While eating disorders can manifest in a variety of ways, there are a number of common and widely recognized red flags: fixating on nutrition labels and calorie counts, severely restricting food intake, or visiting the bathroom immediately after meals, for example. But often, by the time these signs become obvious and impossible to ignore, the eating disorder has already taken root. Considering how complex these illnesses can be and how ingrained disordered habits can become over time, there really is no better tool to combat eating disorders than prevention. And one of the best preventative tools is knowing the early signs of an eating disorder.
“Eating disorders are notoriously tough to treat once they become entrenched,” says Equip’s Director of Lived Experience, JD Ouellette. “While anyone can recover at any age or length of illness, the earlier you act, the easier it is. Early action also lowers the risk of lifetime physical complications.” She drives this point home by noting that these are serious—and sometimes deadly—mental illnesses, with one American dying from an eating disorder every 52 minutes.
To put it bluntly, early intervention saves lives—however, those first signs of trouble can be tough to spot. This is true for a variety of reasons, including the fact that people struggling often hide their disordered behaviors, and that our diet culture-informed society tends to praise and normalize a number of different eating disorder symptoms.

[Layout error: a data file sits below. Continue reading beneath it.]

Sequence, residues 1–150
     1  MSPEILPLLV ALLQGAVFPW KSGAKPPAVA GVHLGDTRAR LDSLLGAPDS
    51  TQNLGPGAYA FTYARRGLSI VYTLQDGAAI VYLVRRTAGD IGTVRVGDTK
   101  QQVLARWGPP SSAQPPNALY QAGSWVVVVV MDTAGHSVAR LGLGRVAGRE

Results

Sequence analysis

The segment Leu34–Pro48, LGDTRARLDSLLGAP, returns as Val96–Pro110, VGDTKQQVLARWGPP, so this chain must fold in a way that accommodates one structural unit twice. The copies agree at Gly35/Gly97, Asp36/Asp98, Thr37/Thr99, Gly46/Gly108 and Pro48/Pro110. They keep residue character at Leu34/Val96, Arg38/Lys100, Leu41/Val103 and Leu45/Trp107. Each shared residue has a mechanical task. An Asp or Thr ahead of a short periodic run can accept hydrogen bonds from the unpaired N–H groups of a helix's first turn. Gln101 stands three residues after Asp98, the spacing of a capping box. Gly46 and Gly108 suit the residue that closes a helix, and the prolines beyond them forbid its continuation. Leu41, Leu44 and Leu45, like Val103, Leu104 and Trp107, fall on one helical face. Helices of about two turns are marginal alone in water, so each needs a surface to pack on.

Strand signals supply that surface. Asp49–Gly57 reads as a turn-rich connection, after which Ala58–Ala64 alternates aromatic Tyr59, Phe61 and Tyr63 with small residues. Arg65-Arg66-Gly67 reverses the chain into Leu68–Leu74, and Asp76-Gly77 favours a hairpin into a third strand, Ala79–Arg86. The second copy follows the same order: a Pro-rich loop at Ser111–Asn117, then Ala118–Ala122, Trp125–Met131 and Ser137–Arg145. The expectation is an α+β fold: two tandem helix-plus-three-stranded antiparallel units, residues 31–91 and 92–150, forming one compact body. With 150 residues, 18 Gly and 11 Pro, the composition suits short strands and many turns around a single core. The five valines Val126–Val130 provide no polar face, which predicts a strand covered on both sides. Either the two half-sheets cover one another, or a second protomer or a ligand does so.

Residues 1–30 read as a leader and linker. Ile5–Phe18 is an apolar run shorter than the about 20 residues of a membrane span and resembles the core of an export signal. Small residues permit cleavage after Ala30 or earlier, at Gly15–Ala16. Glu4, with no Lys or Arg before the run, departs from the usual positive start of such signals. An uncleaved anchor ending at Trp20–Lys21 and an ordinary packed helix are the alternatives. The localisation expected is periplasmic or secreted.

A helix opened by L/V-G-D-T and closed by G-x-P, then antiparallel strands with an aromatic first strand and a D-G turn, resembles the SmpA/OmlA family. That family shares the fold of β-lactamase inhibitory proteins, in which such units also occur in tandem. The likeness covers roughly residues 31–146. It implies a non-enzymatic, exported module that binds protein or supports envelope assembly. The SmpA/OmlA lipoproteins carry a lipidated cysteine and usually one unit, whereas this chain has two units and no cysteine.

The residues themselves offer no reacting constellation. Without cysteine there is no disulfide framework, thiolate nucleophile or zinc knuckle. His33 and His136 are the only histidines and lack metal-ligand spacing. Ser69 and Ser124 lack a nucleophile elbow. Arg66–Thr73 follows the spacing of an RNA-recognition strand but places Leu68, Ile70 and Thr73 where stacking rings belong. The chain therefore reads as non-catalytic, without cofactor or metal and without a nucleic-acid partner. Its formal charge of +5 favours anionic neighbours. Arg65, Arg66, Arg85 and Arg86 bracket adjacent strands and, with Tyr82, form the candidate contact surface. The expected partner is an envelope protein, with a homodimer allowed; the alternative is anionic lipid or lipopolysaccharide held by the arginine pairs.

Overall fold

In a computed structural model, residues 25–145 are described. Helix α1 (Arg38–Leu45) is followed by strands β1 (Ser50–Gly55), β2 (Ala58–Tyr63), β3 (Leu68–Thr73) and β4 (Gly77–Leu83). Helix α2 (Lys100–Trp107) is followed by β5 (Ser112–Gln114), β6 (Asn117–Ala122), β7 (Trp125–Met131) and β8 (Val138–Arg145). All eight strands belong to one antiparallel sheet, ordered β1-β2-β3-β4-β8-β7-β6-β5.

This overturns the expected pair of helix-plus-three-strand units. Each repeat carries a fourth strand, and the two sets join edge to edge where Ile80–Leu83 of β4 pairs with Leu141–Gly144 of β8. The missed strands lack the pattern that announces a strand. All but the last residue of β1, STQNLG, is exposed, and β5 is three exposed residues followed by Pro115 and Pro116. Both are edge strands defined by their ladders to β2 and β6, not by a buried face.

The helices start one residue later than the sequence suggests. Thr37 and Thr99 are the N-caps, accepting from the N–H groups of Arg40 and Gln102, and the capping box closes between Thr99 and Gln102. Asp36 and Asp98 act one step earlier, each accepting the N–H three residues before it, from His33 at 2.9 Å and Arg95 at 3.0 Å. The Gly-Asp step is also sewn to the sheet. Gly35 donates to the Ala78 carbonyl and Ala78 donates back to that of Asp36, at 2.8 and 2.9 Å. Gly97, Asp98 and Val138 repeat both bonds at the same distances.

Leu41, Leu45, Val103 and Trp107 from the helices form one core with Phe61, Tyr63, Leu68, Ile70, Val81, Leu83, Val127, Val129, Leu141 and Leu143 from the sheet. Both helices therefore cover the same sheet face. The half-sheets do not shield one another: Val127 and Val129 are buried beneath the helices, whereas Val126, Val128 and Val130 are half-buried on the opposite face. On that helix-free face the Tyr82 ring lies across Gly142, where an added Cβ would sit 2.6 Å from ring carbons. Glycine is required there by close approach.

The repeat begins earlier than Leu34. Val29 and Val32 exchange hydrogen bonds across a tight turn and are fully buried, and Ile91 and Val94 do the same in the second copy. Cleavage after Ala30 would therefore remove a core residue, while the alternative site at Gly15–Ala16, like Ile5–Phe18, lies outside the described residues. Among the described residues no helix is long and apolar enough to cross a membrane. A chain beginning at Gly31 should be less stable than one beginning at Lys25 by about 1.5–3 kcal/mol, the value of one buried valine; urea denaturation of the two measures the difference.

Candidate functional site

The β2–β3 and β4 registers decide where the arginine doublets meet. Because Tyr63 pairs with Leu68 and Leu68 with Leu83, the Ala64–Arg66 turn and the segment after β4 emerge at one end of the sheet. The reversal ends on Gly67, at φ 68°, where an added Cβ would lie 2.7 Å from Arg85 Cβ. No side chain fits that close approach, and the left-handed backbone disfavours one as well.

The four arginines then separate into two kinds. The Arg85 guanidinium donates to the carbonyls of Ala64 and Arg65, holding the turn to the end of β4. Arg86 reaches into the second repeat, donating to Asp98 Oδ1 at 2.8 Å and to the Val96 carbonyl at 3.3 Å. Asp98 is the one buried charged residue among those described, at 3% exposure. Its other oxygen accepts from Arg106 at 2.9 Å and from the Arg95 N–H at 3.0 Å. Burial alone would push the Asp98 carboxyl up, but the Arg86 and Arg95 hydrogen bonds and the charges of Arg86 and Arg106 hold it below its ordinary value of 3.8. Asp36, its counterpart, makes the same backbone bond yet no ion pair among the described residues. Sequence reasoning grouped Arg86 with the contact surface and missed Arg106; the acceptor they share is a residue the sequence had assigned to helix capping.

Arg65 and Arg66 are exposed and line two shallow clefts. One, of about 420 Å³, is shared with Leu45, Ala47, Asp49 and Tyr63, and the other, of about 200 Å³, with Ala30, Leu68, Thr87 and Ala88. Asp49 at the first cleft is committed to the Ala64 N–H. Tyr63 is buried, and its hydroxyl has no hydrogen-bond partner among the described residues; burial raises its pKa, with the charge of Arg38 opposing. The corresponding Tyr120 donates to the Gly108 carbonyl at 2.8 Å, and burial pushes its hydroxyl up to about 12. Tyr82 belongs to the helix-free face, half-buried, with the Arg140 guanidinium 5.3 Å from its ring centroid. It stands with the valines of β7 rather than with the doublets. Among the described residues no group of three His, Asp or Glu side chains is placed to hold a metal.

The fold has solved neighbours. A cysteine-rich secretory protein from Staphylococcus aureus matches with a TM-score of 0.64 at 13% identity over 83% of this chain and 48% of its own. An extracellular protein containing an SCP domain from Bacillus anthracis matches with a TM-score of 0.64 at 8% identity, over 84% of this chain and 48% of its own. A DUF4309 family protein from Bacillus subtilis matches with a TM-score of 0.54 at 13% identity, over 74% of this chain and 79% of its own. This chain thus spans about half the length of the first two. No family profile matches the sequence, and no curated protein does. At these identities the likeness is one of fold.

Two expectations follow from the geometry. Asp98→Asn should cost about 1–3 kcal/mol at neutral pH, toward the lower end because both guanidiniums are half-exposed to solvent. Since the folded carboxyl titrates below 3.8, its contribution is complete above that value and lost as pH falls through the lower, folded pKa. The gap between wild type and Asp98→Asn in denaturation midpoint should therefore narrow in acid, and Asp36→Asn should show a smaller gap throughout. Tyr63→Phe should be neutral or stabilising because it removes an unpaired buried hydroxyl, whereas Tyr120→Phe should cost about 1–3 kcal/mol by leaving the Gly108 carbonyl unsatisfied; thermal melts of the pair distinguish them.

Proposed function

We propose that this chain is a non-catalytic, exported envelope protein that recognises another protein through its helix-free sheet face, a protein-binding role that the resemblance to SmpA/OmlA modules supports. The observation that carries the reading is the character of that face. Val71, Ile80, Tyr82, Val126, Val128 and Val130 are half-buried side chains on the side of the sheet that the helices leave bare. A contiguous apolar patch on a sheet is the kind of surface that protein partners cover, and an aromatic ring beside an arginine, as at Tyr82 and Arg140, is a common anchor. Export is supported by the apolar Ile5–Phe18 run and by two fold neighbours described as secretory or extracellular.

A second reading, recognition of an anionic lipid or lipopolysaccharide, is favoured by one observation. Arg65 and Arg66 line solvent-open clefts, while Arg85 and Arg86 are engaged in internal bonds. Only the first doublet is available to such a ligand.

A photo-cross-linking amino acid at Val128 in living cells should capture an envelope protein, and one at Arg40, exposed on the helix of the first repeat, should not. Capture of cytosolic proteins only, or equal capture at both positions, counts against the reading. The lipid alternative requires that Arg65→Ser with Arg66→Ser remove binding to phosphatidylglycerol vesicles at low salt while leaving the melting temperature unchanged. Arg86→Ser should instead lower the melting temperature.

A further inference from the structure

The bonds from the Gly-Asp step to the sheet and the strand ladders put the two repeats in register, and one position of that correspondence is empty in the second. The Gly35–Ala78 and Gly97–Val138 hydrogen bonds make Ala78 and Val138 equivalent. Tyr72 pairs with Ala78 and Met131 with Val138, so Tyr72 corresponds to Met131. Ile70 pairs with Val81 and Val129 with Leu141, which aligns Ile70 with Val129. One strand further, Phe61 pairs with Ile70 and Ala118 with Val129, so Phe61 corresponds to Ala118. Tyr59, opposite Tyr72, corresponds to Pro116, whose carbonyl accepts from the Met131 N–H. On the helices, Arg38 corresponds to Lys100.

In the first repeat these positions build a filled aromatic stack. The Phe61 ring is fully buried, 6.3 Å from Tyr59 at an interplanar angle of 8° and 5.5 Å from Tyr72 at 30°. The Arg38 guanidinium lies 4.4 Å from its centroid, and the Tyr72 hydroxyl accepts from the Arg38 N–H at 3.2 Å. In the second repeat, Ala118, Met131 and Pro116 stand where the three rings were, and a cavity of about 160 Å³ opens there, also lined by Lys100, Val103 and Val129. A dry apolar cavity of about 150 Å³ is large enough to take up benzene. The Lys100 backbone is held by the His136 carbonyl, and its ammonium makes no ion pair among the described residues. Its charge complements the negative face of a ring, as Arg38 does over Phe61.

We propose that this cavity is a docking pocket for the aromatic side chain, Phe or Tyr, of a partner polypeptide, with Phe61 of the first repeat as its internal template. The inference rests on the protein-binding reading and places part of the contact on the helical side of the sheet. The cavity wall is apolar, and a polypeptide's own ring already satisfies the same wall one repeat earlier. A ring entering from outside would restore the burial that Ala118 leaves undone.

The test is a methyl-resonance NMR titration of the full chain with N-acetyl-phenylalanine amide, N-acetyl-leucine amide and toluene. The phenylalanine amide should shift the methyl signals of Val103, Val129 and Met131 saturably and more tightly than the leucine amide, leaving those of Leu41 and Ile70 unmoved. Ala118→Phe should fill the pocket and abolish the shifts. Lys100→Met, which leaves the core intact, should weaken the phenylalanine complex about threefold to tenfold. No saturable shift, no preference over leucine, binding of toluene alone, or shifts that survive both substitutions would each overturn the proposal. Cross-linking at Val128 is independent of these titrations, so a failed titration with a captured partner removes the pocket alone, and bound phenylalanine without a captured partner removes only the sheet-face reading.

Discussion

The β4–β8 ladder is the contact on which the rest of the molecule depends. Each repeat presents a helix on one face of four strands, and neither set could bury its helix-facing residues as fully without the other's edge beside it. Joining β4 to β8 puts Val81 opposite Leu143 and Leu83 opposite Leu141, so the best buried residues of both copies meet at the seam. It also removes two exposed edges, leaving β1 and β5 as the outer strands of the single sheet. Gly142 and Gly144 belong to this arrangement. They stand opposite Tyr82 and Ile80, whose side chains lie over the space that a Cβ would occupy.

“Early signs can be obvious or they can be subtle,” Oullette says. “Because the initial phases of a restrictive eating disorder are in line with what society values—’discipline,’ weight loss attempts— it’s common for these signs to be ignored, or even celebrated, particularly if someone has a body size that medicine and society deem too large.” This is particularly notable given that all eating disorders, in fact, contain an element of restriction.
Still, with a bit of education, it is possible to identify an eating disorder in its earliest stages. Here are five early signs of an eating disorder.
Early signs of an eating disorder to know about
1. A history of an eating disorder or disordered eating in the family
While this isn’t necessarily a visible sign, knowing someone’s family history can provide helpful context about their eating disorder risk. Eating disorders aren’t inheritable, but there is a genetic component to them. So if someone’s parent has an eating disorder, it doesn’t mean they will too, but it can make them more predisposed to developing one. Female relatives of people with anorexia have been shown to be 11 times more likely to develop the disease than relatives of people without anorexia. Rates of other specified feeding or eating disorder (OSFED) are elevated in first-degree relatives of people with anorexia and bulimia, and there’s research suggesting a genetic element in the development of binge eating disorder (BED) and bulimia as well.